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I've tried this: enter image description here

But its hows that the valence of Fe in normal state is 4, when in the periodic table it isn't. Why does this happen? Can you show me the answer with configuration formula in the states with energy?

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    $\begingroup$ You have the electron configuration of iron in your post. Just writing that out is only the first step. What have you done with it to attempt to figure out valences? $\endgroup$ – Ben Norris Nov 23 '14 at 11:54
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Hint: $$_{26}Fe\equiv1s^22s^22p^63s^23p^64s^23d^6\equiv [Ar]\ce{\underbrace{ ^ v }_{4s^2} \underbrace{ ^ v ,\;^ ,\;^ ,\;^ ,\;^ }_{3d^6} }$$ Think now what will be the configuration after losing electrons:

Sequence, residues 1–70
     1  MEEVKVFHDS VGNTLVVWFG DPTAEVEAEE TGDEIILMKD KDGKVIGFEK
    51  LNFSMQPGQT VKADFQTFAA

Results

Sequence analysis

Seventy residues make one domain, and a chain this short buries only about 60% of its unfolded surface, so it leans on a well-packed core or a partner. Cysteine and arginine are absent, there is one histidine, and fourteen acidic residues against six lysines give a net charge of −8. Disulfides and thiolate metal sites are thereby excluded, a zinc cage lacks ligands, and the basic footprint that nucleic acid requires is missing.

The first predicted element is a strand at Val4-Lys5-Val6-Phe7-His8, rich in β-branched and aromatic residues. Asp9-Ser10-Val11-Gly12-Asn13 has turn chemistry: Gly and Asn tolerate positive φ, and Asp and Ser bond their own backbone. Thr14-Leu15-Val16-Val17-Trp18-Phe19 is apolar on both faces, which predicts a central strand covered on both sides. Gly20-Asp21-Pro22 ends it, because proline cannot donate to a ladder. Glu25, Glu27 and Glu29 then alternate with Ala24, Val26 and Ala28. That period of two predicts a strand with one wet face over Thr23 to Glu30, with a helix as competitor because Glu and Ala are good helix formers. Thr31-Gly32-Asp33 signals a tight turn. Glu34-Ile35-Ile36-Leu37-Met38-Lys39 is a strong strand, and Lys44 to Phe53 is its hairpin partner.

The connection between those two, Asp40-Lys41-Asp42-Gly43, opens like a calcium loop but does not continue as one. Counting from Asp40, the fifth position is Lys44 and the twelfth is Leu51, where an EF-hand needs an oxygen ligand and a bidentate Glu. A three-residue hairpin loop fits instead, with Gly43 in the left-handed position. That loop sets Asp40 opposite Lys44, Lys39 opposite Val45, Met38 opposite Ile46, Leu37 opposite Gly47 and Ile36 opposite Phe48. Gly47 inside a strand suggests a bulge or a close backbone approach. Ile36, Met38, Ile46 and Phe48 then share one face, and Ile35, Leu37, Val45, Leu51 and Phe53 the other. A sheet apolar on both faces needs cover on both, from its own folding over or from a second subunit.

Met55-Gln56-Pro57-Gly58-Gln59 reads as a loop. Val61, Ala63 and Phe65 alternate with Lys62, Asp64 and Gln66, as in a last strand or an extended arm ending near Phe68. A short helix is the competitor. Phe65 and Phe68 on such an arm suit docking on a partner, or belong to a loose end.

Spoiler:

! $$Fe^{2+}\to[Ar]\ce{\underbrace{ - }_{4s^2} \underbrace{ ^ v ,\;^ ,\;^ ,\;^ ,\;^ }_{3d^6}=[Ar]\underbrace{ ^ }_{4s^2} \underbrace{ ^ ,\;^ ,\;^ ,\;^ ,\;^ }_{3d^6} }$$

! $$Fe^{3+}\to[Ar]\ce{\underbrace{ - }_{4s^2} \underbrace{ ^ ,\;^ ,\;^ ,\;^ ,\;^ }_{3d^6} } $$

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